Enemies: There are few doubts about his political bloodlines: they are thoroughbred. His great-grandfather, Motilal Nehru, was a rich lawyer who lived in a sumptuous Allahabad mansion and who abandoned his practice to follow the politics of the mahatma (teacher), Mohandas Gandhi, the apostle of Indian freedom through nonviolence. Before his death in 1931 Motilal had served time in British jails.
Rajiv’s grandfather, Jawaharlal, languished nine years in British prisons for his efforts to obtain independence for his homeland. His mother, a political prisoner for eight months, championed the rise of the
0 central government at $ the expense of the states,
1 accumulating great in“ fluence and dealing sum-
_ marily with enemies.
“Let us remember about the Nehrus,” Indian novelist Salman Rushdie remarked last week, “that when it comes to power, they make the Kennedys look like amateurs.”
At the heart of the suspense about Rajiv are doubts about the man himself. He was raised in privilege but he is unaccustomed to power. Except for his British schooldays and his mother’s three years in opposition, he has dwelt for all his 40 years in the splendor of a prime ministerial home. By all accounts, his childhood was idyllic. His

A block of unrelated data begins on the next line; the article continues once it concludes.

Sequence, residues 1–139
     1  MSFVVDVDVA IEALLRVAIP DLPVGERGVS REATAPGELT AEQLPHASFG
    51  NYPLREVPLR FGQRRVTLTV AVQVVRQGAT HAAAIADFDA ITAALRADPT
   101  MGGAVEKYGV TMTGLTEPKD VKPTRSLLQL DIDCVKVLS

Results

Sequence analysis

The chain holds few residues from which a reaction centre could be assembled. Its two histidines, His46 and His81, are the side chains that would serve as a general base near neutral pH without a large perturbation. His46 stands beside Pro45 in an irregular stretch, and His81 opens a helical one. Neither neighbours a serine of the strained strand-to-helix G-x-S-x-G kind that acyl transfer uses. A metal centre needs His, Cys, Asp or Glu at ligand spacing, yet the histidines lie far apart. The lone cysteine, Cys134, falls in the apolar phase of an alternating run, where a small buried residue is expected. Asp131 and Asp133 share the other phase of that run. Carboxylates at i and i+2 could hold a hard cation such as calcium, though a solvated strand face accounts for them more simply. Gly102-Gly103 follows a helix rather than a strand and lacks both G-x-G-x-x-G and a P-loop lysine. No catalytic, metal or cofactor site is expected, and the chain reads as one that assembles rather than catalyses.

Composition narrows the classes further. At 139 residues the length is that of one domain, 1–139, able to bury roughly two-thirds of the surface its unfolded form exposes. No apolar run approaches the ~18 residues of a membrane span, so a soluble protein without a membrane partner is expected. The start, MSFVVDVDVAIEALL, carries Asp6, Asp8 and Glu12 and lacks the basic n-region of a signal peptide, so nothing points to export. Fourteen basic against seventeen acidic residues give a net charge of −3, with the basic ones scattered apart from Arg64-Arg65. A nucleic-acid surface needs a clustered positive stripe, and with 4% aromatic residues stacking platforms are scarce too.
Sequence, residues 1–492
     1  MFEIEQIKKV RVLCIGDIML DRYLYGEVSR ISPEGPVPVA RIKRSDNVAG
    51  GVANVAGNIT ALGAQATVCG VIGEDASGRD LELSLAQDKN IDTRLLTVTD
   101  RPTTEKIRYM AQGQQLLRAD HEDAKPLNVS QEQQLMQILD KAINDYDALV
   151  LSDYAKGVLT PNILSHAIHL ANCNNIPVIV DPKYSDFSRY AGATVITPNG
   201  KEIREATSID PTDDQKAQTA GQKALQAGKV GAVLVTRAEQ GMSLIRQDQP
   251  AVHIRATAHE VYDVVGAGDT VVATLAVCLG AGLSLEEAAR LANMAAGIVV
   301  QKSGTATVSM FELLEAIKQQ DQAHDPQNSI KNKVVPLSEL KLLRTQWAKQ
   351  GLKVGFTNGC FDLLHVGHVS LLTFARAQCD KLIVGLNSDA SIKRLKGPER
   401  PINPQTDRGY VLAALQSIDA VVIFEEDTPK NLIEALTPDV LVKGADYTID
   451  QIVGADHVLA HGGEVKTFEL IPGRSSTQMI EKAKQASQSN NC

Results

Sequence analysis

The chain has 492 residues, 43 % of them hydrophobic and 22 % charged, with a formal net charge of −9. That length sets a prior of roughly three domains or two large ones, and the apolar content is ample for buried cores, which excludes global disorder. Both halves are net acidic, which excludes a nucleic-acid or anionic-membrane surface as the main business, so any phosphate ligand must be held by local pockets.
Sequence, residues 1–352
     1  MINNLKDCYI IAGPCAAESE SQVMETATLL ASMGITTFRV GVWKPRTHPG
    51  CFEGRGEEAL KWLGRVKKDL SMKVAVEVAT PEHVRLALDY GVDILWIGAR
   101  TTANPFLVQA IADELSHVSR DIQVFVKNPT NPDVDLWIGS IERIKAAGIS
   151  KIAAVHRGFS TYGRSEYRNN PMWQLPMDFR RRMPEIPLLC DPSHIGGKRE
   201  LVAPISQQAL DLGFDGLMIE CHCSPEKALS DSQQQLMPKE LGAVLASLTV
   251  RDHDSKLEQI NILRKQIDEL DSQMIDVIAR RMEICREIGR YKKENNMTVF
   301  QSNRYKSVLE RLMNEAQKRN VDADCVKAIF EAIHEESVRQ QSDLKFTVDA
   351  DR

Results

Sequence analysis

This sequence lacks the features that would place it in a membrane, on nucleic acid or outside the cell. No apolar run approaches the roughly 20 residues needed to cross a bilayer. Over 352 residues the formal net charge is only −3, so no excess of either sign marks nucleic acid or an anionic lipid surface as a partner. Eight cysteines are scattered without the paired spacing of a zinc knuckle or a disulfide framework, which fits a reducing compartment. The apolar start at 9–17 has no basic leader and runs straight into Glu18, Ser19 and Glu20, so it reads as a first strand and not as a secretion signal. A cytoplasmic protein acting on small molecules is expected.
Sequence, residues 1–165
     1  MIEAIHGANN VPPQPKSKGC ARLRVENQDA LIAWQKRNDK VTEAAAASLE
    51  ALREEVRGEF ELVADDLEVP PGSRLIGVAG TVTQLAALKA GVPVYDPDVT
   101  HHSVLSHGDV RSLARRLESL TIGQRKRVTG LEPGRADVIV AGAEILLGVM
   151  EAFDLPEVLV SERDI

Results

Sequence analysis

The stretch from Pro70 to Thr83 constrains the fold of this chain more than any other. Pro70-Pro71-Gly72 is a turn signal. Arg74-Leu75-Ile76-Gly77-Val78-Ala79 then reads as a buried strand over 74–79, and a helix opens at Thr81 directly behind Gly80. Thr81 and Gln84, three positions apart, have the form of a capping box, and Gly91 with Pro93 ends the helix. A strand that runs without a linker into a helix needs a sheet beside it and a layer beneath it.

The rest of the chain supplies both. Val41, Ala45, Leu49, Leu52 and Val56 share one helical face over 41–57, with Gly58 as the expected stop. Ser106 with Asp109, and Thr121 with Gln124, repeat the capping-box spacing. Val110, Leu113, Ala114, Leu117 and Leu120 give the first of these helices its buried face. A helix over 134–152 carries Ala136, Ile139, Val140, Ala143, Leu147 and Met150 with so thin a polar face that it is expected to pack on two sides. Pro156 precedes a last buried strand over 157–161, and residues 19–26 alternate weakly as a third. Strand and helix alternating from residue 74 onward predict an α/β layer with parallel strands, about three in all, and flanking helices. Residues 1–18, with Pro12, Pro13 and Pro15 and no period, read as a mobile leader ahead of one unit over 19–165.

father, Feroze Gandhi—no relation to the mahatma—was a journalist and, after 1950, a member of India’s parliament in Nehru’s Congress Party. Rajiv’s parents lived apart for most of their married lives, while Indira played official hostess for the widower Nehru, until Feroze’s death in 1960. With his younger brother, San jay, Rajiv watched
history unfold in the company of their famous elders. On Jan. 29, 1948, Rajiv visited Mahatma Gandhi with his mother and two relatives, and, while the adults bantered, the child decorated Gandhi’s big toe with a chain of flowers. A day later the mahatma was assassinated.
Throughout their childhood Indira lavished attention on her sons. A disciplined woman, she insisted on discipline in return. Once, she bluntly told Rajiv that a minor medical operation was going to hurt him—even though the surgeon had assured the family that the